See Japanese artists tackle themes of eroticism and more at this upcoming exhibition

Art galleries love exploring the concept of time, with plenty of exhibitions showcasing the recollections of the past and foretellings of the future. Upcoming exhibition Eyes & Curiosity—Flowers in the Field, on the other hand, takes on a different approach by bringing forth age-old ideologies and chucks it against the unrelenting current of time to test its relevance in a modernised society. Held at Mizuma Gallery from Mar 16-Apr 21, it will feature four Japanese artists with varying backgrounds taking on contemporary reinventions of traditional techniques. 

Painting under the pseudonym Ai☆Madonna for over 10 years, Kato Ai has amassed a cult-following of animation fans with her vibrant illustrations of anime-styled girls. Kato Ai began as a street performer on the streets of Akihabara, affectionately dubbed as the otaku (geek) capital of the world, where she painted doe-eyed, bright-haired girls on the side of her stationary van. Heavily influenced by the kawaii culture that greatly characterises Japan, her subjects are caricatures of “untouchable” beauty that only resides between the pages of a manga or frames of an anime.

For centuries, eroticism across the different mediums of art typically bases itself around the shapes and lines of the female anatomy. Ryoko Kimura flips this notion on its head and substitutes the roles of heavily sexualised women with portrayals of ikemen (good looking men) instead. As a stark contrast to the heavily implied eroticism, Ryoko Kimura renders the manga-styled subjects against a traditional backdrop or adorned with motifs inspired by the Edo-period.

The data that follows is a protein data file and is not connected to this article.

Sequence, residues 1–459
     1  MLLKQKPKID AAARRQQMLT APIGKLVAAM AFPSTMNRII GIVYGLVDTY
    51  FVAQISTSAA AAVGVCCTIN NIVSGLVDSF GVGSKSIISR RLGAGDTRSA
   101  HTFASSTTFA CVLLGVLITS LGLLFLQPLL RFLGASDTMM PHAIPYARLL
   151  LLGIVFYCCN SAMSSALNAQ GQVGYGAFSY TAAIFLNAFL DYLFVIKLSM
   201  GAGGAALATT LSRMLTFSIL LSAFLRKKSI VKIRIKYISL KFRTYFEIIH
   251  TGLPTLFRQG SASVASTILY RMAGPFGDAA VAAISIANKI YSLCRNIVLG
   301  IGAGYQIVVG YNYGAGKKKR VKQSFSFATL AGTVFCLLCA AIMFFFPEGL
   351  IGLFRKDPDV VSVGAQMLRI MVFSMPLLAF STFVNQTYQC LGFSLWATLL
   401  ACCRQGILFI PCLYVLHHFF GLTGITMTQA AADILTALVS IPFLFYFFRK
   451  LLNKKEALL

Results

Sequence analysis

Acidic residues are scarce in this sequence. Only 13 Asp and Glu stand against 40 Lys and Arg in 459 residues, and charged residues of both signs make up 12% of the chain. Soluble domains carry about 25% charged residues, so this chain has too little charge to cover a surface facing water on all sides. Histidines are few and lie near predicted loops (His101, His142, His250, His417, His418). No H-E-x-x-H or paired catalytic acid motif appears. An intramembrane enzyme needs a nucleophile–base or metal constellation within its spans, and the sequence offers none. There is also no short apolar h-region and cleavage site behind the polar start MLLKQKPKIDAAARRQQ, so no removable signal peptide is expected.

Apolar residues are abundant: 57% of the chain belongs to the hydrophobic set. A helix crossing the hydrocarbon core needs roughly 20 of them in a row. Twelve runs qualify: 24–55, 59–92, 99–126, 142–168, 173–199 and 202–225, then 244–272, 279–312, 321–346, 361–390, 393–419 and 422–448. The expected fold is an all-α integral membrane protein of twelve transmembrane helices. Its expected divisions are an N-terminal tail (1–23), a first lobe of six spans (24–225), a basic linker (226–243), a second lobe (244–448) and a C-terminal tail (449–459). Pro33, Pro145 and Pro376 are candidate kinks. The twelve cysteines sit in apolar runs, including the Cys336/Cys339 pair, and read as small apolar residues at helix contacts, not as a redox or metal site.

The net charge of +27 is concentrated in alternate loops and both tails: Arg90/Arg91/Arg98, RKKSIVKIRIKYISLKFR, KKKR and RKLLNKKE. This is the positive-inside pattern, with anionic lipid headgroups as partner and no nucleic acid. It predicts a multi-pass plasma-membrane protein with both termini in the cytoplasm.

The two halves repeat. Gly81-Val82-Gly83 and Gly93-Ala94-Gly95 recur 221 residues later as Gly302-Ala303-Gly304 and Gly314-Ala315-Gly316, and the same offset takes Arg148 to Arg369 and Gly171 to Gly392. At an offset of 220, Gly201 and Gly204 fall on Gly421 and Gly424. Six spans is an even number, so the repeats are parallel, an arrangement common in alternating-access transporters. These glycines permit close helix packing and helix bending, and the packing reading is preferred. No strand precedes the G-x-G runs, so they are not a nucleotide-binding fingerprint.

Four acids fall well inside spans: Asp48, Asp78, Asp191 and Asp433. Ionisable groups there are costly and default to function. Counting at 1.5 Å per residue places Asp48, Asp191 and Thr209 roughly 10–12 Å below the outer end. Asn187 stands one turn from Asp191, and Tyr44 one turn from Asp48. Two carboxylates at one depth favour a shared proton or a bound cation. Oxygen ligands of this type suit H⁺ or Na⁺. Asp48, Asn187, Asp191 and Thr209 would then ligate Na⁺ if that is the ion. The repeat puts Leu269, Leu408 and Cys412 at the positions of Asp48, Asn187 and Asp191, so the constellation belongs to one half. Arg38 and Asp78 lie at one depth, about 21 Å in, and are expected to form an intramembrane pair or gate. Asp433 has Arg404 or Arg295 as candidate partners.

Taking his artwork beyond the confines of a two-dimensional piece of paper, Kobayashi Satoshi gravitates toward carving his pieces on panels of wood, often incorporating elements of nature to match his primitive wood-carving techniques. These panels of carved wood often tell a story, complete with signature geometric lines that emphasise on the movement.

Lastly, Aichi Prefecture-born Rina Mizuono explores textures and dimensionality in her works. With a keen eye for detail and a knack for perspectivism, Mizuono ensures that depth is encapsulated and detailing is immaculate in her craft. Though she works upon the flat surfaces of blank canvases, her technique brings motion and colours alive.

If you’ve always been fascinated by the conventionally unconventional world of Japanese art, be sure not to miss this one. 

Eyes & Curiosity—Flowers in the Field runs from Mar 16-Apr 21 at Mizuma Gallery, from 11am-7pm on Tue-Sat and 11am-6pm on Sun. More information available here.